Jul. 15, 2014 PLYMOUTH VOICE.
Plymouth Michigan News
Despite the outcry, township officials quietly surge ahead
Public comment, petitions, lawn signs and social media are screaming out residents objections to a 400-seat planned amphitheater and band shell set for construction in the Plymouth Township Park.
TV news crews canvasing neighboring subdivisions and banging on doors are recording the escalating debate over the very necessity of the grandiose project going up in the small park. Say nothing to the fact that the townships leaders want to build their project directly on top of a protected Rouge River watershed, a 100-year floodplain right in the backyards of some of the priciest homes in the township.
Local newspapers and websites are having a media holiday as the township supervisor denies any problems with his impractical idea that favors arts and culture spending over public safety. Critics say they believe the final cost of the amphitheater will be significantly higher than the $350,000 estimate.
Last year in a secret letter obtained with a Freedom of Information Act (FOIA) request it was uncovered that Township Fire Chief Mark Wendel had reported to Township Supervisor Richard Reaume the dilapidated, outdated and hazardous equipment along with the inadequate staffing in the Plymouth Township Fire Department had left the community in an unsafe position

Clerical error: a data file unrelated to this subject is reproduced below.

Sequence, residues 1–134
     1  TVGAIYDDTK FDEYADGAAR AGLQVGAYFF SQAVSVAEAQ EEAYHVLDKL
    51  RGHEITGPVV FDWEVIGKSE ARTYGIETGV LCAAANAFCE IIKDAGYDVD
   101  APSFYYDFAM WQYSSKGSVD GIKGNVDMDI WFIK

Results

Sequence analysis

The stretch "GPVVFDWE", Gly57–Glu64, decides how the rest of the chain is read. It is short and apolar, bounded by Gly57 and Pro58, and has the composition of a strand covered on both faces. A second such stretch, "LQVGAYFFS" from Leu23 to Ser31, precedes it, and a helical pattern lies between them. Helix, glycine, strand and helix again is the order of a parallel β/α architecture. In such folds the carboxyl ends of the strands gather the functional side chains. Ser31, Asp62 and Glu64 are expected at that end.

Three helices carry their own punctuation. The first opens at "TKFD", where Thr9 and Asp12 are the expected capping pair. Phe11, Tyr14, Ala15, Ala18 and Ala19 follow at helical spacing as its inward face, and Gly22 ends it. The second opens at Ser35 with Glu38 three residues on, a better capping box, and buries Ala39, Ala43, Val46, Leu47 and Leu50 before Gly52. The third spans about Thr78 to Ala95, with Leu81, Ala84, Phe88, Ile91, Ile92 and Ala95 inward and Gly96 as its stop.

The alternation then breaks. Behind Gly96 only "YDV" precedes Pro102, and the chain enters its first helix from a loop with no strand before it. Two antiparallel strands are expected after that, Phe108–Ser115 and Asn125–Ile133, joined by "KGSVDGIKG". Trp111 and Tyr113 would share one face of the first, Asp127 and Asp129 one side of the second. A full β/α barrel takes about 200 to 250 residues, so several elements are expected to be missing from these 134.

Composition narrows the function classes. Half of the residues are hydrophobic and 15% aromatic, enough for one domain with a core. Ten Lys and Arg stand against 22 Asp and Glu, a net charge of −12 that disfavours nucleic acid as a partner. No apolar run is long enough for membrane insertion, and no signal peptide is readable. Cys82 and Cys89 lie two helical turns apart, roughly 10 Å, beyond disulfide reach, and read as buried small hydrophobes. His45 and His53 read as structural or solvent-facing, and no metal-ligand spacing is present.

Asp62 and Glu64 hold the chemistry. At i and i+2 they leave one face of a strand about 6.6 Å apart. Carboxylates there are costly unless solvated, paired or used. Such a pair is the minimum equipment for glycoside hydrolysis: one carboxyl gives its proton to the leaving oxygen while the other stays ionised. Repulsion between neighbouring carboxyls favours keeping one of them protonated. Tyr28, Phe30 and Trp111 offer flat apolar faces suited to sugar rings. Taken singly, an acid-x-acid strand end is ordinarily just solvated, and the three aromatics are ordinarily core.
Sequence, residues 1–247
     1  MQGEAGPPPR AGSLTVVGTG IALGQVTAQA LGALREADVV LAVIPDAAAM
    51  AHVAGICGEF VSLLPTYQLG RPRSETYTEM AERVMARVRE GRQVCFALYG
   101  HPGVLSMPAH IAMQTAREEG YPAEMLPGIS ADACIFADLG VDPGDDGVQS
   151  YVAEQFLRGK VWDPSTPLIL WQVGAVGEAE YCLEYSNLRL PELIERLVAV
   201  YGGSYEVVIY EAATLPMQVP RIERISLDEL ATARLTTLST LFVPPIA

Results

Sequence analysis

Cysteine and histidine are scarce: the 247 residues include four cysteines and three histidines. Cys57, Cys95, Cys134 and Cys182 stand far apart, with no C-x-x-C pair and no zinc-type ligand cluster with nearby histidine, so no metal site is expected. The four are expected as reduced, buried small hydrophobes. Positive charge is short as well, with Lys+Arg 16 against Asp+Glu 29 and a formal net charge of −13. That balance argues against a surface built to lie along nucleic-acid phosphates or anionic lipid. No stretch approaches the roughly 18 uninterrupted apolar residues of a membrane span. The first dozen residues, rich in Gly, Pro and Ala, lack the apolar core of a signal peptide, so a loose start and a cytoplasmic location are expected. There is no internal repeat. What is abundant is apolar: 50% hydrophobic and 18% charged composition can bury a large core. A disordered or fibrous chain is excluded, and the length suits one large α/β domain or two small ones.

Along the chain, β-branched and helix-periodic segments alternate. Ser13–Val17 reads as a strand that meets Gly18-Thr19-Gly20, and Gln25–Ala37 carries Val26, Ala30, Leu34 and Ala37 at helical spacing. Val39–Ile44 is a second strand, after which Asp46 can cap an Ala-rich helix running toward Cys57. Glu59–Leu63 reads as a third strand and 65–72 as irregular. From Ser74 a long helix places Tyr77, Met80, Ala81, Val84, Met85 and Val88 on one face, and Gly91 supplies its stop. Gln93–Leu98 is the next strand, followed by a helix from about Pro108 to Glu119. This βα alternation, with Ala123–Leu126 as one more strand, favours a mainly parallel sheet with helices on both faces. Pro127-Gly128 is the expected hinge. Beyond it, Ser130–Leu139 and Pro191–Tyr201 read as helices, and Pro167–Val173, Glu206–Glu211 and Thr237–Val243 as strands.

“This is one of those items that adds to the attractiveness of the community.” Said Reaume bragging about amphitheater. “We continue to want to put amenities throughout the area whenever we can.”
Reaume recently told the Detroit Free Press the amphitheater was being built to host children’s performances, puppet shows, weddings and other low-amplification events, insisting that the amphitheater has an “ample number of supporters.”
Plymouth Township Trustee Bob Doroshewitz says he agrees with residents who voiced their concerns over noise and traffic and those voters should have been apprised of the depth and details of the project before any building or financial commitments were made.
“We had no discussion (of the details) until the (Board) meeting on April 23, 2013. This was done intentionally. By the time you were informed-the decision had been made. By the time I knew about it, it was a done deal.”
“It was presented like with the urgency-it has to be done today or we’ll miss the construction window,” he said. Doroshewitz said he believes the entire process was designed to keep residents in the dark.
Doroshewitz, said he feels the whole project needs a “critical review.”
Last week a two-track drilling rig breached the property cutting into the soil and taking down growth and small trees. The rig was owned by PSI Engineering and Consulting, the firm Plymouth Township retained to remove core samples.
LINK TO WXYZ-TV STORY: